Investors reacted harshly last week to Stitch Fix's (SFIX -2.82%) latest earnings report. The subscription-based apparel retailer met management's sales growth outlook and logged another quarter of improving spending trends when it reported second-quarter results for fiscal 2020. However, a few metrics worsened during the period, including with respect to client engagement and rising costs.

In a conference call with Wall Street analysts, CEO Katrina Lake and her team detailed those warning signs, which convinced executives to lower their short-term outlook. Management also explained why they are as bullish as ever about Stitch Fix's global growth opportunities.

Let's take a closer look.

A woman makes a purchase using her smartphone

Image source: Getty Images.

What went right

We grew our active client count to 3.5 million, an increase of 504,000 clients and 17% year over year. In addition, we grew net revenue per active client by 8% year over year, our seventh consecutive quarter of growth and a reflection of our ability to expand wallet share and deliver value to our clients. -- Lake

Stitch Fix's $452 million of revenue translated into 22% growth, which met management's big-picture target. Executives highlighted several wins related to expanding the business, including growth in niches such as menswear and kid's apparel. The early results of its direct buy program are encouraging, too.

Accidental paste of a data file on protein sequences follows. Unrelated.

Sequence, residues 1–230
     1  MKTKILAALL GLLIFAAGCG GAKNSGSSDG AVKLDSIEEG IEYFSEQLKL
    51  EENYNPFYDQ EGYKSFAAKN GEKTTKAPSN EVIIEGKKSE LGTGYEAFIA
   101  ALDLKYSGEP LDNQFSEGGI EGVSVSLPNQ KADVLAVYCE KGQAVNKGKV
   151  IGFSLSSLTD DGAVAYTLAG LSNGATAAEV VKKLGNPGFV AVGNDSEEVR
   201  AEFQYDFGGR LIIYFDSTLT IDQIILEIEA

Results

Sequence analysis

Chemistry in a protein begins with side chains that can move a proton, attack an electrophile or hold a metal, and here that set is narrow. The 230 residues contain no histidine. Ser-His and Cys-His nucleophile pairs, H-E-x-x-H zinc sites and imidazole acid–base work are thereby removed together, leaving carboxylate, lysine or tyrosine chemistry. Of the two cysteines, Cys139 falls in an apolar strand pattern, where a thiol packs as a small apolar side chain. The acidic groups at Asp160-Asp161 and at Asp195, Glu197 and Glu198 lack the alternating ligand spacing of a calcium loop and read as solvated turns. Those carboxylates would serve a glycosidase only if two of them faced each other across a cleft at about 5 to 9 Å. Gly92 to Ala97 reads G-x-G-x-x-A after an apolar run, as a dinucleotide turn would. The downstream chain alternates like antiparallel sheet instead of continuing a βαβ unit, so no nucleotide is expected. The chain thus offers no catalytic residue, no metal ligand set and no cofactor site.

Stitch Fix didn't have to sacrifice profitability to achieve these successes, either. Adjusted earnings surpassed management's forecast, in fact, and the company remains solidly profitable on a GAAP basis.

Investing in new areas

Our strategy is to drive leverage across our existing offerings, while using the cash from those offerings to invest in newer categories. -- Lake

Stitch Fix's broader business strategy is working, executives said, and they highlighted increasing profitability in the core women's category as a prime example of that process bearing fruit. The extra cash from that margin boost gave management resources to invest more in the attractive plus-size niche. "Our healthy cash flows continue to enable us to self-fund our growth while maintaining flexibility," CFO Mike Smith explained.

A tougher period ahead

Now that we've seen a few company-specific but also macro themes play out in Q2, we're leaning more conservatively in the back half of 2020 and shifting our full-year outlook. -- Lake

Stitch Fix lowered its 2020 sales and adjusted earnings forecasts and now sees revenue growing by 18% at the midpoint of guidance rather than 24%. Executives put most of the blame on lower spending by its newest customers, which might be a consequence of price-cutting across the retailing industry. Management said it's likely that this trend will continue pressuring results over the next six months. 

At the same time, it's getting more expensive to acquire these new customers since digital advertising costs are rising. The combined effect of these trends is a higher financial hurdle the company must meet to get a good return on subscriber growth. Overall, that suggests slower active client gains ahead.

Finally, Stitch Fix sees two major macroeconomic trends affecting results through the rest of 2020. Sluggish economic growth in the U.K. is leading to weaker spending than they expected, and the novel coronavirus pandemic, while not hurting sales yet, will likely have an effect. All of these points contributed to management's shift in tone for the second half of the fiscal year.

The key metric to watch as investors try to judge the likelihood of a growth rebound for the business is average spending by new clients. Stitch Fix needs to find a way to deliver value to these subscribers even during more promotional selling environments for the industry, such as the one executives are seeing today.